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Rodale Institute Bringing Organic Farming Research to the Southeast

A scene from the greenhouse at Rodale Institute’s center in Georgia.

By Kristie Wendelberger

Rodale Institute has been researching regenerative organic farming from its headquarters in Pennsylvania for over 70 years. But all farmers know that one size does not fit all in agriculture. That’s why Rodale Institute is committed to providing regionalized resources for farmers looking to learn more about organic practices in our country’s agricultural heartlands.

Rodale Institute opened the Rodale Institute Southeast Organic Center (RI-SOC) in 2019 to support Southeastern farmers — answering their questions about research, helping them transition to organic, and providing training through workshops, field days, lectures and apprenticeships. The RI-SOC is located in Chattahoochee Hills, Georgia, about 30 minutes southwest of Atlanta, on Many Fold Farm. With more than 300 acres of pasture and forested land to work with, the RI-SOC is poised to perform independent research at our facility, take part in replicated studies across several farms, or come to your farm to help you answer your research questions on your land.

As this is the RI-SOC’s first year, like many of you in the first year of farming, we have been busy building the farm. Our farm manager, Garver Akers, has spent hours in the office researching equipment, setting schedules and planning the first acre of fall garden space. He walked through the fields taking soil samples to test for pH, nutrient levels, and percent carbon; building deer fences; and installing our first greenhouse. In the lab, he retrofitted a walk-in cooler into a research growth chamber. As a trained farm educator, he took the lead working with our first Beginning Farmer Intern, Jewels Giuliano, who has flourished into a farmer in front of our eyes.

Meanwhile, I built our lab space, wrote grants and began research. I installed workstations and bought equipment, freezers and drying ovens. The lab is ready to process soil and plant samples to be sent out for nutrient analysis, experimentally grow plants in the growth chamber, and welcome workshops and classes to learn and experience hands-on research. To better understand the needs in the Southeast, we met with farmers to hear firsthand what their most pressing research needs are. We are now poised to start the new year answering questions revolving around varieties best suited for our hot, humid weather, ways to tackle mid-summer pests, and techniques to improve soil nutrient and microbial biodiversity.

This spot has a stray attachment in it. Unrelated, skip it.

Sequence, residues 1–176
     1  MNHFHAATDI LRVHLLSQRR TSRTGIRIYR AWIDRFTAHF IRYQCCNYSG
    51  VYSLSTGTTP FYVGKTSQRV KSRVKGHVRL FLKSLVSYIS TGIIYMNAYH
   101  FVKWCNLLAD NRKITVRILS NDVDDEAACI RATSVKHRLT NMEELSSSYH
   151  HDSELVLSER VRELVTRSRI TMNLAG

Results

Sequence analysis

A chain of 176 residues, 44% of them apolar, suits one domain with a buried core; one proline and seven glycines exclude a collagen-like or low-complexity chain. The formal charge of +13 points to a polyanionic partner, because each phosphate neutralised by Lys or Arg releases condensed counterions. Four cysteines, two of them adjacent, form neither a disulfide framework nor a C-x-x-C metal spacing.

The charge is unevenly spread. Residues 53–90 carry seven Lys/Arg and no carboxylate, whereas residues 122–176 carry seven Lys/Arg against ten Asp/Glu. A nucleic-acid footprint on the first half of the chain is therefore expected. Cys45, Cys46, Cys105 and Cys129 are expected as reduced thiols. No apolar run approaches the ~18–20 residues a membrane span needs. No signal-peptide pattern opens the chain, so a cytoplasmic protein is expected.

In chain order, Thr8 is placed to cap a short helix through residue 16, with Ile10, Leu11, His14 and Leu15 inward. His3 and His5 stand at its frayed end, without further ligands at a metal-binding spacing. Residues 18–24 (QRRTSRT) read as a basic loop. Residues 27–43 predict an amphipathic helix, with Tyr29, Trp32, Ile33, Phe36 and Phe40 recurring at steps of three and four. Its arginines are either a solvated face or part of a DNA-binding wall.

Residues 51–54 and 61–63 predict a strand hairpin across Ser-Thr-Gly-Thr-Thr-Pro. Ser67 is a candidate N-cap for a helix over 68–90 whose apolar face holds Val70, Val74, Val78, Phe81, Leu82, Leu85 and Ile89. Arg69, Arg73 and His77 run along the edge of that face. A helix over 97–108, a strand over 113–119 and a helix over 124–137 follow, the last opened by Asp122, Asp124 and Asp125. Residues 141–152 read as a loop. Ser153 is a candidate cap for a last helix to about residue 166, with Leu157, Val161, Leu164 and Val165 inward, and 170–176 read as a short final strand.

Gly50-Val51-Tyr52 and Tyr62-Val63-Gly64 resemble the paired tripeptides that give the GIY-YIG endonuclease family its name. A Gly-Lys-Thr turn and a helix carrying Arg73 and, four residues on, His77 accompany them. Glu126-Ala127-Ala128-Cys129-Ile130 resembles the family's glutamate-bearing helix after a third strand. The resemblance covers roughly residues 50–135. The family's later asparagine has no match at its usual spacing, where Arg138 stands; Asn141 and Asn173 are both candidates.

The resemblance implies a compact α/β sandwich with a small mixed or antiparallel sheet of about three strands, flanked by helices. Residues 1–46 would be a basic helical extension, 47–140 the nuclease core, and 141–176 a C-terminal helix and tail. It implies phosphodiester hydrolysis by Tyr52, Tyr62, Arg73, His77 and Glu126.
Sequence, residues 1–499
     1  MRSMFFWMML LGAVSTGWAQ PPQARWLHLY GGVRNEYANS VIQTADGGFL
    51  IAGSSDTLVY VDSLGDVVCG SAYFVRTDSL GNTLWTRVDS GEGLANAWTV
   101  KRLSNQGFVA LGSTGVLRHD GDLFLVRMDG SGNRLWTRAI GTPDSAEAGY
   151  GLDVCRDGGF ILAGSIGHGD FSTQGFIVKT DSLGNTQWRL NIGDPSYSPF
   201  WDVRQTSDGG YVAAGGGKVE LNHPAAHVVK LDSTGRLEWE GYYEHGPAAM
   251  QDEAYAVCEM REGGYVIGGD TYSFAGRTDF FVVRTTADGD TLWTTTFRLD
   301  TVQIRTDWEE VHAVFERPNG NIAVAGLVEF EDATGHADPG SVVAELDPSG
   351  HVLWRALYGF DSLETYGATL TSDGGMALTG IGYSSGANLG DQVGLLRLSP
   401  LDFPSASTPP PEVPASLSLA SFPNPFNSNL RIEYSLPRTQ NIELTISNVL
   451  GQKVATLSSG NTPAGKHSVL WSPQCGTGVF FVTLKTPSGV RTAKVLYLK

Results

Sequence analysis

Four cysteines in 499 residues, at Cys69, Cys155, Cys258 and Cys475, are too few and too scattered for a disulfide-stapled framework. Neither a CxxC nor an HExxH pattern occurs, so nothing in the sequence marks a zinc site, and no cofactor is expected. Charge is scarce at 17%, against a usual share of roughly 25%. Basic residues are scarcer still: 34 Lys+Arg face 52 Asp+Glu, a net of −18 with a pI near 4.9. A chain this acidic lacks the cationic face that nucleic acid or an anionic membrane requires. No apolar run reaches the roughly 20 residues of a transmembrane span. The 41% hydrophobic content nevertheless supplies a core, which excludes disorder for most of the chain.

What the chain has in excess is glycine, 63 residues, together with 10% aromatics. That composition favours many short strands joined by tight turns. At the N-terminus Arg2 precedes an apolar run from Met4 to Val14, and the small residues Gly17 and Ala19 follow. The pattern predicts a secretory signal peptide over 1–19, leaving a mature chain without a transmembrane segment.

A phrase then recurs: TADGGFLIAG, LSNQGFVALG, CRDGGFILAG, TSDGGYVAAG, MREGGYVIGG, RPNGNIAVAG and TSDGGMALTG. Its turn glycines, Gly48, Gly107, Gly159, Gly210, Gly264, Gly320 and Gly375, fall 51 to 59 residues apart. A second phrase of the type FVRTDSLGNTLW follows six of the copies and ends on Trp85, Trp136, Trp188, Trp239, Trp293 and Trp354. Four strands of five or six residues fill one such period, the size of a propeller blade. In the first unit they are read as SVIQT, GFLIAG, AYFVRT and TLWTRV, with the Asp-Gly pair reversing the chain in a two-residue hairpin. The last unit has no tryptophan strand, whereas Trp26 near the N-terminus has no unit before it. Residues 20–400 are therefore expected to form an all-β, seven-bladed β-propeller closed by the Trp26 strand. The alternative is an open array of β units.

We began our first research project studying the effect of cover crop and nutrient combinations under conservation and conventional tillage on soil nutrient and microbial biodiversity, yield, and fruit nutrient content. This project was funded by the USDA Organic Transitions program and in collaboration with Clemson University. The SOC and Clemson have sister experiments running to see the different impacts in Piedmont and Coastal Plain soils. We have an eight-block, split-plot design with conservation tillage versus conventional tillage as the main blocks, embedded with eight plots each of the following cover crop and nutrient combinations: hairy vetch only; winter rye only; chicken manure only; hairy vetch and winter rye; hairy vetch, winter rye, and manure; hairy vetch and manure; winter rye and manure; and a control plot with no treatment. Roma tomato and cucumber will be our rotating cash crops. Over the next three years we will look at how the soil nutrient levels, microbial communities and carbon levels change at 0-15, 15-30, 30-45 and 45-60 cm deep. We will assess cover crop density, crop yield and nutrient levels in the vegetables. Once complete, we will have a better idea of how to grow our southeastern soil microbial communities while obtaining the best yield and healthiest vegetables.

We had a great socially distanced year, taking the time to build a foundation on the farm that has made us ready to connect with our southeastern community now and into the future. We are looking forward to growing, with employment and volunteer opportunities available and a southeastern consulting program to be launched in 2021.
If you are a farmer or researcher that wants help answering your farming questions through research and collaboration, contact us at Southeast@RodaleInstitute.org. For more information on employment opportunities, volunteering and more, visit RodaleInstitute.org.

Dr. Kristie Wendelberger is the research director for the Rodale Institute Southeast Organic Center in Chattahoochee Hills, Georgia. She is responsible for expanding organic farming practices throughout the Southeast through research, outreach and education. Learn more about her work in Georgia at RodaleInstitute.org/SoutheastOrganicCenter.